Should Jade Plants Be Planted In Cactus Soil

The optimal conditions for jade plant growth are in a loose, well-draining growing medium. This substrate should have a pH between 6.0 and 7.0, slightly on the acidic side. A 2:2:1 mixture of coarse sand, perlite, or pumice, houseplant or cactus potting soil, and these three ingredients is the best soil combination for a jade plant.

The best soil for jade plants is what kind?

Succulent houseplants like jade plants are remarkably hardy and simple to grow indoors.

In addition, they can live a very long time with the right care! Find out how to take care of your jade plant.

About Jade Plants

Jade plants have a tiny, tree-like appearance with their thick, woody stems and oval-shaped leaves that makes them highly tempting for use as a decorative houseplant. When planted indoors, they can grow to a height of three feet or more and survive a very long period, frequently being passed down from generation to generation.

Jade plants thrive in the warm, dry environments seen in most homes. During the growing season (spring and summer), the plant must be kept moist, and during the dormant season, it must be kept dry (fall, winter). Jade is extremely prone to rot, thus the soil should be allowed to completely dry out between waterings even throughout the growing season.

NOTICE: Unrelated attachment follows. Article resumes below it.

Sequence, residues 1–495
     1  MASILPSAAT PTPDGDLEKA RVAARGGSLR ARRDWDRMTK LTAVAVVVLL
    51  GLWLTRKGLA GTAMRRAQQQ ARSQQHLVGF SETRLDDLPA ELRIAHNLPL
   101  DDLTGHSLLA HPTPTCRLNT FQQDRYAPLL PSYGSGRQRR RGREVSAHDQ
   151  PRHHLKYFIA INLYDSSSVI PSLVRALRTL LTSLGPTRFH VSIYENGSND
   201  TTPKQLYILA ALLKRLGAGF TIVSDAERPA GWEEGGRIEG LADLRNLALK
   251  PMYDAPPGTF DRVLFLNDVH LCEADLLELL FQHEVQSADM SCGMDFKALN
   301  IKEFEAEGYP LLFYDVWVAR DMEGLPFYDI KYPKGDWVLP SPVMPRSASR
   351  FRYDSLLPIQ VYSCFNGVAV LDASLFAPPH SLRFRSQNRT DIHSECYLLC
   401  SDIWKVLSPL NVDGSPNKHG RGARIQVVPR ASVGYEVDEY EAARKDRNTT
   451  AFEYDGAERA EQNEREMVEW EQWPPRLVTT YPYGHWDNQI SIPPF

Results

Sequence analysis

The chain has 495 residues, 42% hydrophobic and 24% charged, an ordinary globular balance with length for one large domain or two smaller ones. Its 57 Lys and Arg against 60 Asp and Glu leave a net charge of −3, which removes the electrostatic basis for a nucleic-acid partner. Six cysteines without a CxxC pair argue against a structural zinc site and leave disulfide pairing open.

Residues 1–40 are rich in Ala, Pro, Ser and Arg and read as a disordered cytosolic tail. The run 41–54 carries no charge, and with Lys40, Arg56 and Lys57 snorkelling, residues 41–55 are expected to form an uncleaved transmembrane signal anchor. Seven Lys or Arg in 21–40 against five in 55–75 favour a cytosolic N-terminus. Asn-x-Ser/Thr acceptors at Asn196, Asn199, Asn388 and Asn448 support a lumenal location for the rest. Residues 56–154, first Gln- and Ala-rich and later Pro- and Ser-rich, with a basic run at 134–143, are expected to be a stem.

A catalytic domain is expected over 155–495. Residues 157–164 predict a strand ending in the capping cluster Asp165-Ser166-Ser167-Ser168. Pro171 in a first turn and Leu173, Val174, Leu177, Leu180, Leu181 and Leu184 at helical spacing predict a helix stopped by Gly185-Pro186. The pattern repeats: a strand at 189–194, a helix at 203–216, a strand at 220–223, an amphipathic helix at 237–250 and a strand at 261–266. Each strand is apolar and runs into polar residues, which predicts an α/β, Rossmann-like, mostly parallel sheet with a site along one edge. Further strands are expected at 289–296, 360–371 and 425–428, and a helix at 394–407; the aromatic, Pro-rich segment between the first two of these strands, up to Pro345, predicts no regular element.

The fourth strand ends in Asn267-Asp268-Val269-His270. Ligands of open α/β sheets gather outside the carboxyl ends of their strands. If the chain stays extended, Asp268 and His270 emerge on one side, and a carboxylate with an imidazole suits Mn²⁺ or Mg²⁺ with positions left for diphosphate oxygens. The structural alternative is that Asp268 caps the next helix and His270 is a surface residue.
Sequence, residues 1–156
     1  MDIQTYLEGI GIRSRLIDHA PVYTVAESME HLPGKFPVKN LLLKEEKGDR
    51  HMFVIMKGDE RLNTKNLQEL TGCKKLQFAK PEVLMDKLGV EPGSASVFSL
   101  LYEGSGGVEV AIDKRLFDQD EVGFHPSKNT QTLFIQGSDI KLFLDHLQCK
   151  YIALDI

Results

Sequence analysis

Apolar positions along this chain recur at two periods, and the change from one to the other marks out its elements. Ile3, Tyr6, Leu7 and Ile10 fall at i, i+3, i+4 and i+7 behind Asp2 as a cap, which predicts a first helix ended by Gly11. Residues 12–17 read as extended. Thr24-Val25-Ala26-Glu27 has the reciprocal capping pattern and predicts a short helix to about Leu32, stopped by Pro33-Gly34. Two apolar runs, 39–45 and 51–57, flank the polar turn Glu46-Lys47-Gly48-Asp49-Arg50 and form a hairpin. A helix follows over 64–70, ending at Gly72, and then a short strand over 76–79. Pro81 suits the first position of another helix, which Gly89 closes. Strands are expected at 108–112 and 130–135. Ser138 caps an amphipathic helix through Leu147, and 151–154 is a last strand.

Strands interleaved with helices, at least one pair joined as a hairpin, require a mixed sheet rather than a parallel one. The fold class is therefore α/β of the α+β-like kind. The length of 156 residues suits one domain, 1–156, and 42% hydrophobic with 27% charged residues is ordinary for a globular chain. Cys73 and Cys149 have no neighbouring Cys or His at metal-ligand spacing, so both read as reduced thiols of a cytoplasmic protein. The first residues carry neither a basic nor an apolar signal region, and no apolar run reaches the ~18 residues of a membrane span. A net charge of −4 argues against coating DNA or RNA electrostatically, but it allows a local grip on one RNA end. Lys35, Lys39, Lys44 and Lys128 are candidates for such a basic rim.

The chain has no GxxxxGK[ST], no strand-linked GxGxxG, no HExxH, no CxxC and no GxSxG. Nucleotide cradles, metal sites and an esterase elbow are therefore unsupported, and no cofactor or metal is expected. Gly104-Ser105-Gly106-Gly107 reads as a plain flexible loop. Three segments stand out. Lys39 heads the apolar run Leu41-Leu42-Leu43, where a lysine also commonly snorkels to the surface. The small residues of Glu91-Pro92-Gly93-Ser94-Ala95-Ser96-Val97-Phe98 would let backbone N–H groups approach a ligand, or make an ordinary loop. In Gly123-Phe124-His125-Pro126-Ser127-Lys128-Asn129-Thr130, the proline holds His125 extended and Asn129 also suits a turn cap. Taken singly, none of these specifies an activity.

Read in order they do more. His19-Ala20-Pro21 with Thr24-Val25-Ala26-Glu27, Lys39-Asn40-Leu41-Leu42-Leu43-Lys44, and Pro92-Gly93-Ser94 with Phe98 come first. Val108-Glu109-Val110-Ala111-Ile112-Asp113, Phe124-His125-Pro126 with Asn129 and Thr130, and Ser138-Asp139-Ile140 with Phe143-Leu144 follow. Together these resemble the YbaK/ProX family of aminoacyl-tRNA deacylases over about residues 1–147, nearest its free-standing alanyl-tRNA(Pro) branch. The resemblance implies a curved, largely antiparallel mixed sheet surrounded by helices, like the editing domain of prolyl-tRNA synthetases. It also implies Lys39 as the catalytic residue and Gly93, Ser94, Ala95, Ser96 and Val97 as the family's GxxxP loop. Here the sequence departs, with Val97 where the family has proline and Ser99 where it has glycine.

In locations with a mild, dry climate all year round, jade plants can be grown outdoors as landscape plants (typically Zone 10 and warmer). It is preferable to grow jade in containers and bring them inside when the temperature drops below 50F because they are quite sensitive to cold damage (10C).

How to Plant Jade Plants

  • Because jade plants have a propensity to become top-heavy and topple over, choose a broad, sturdy pot with a modest depth.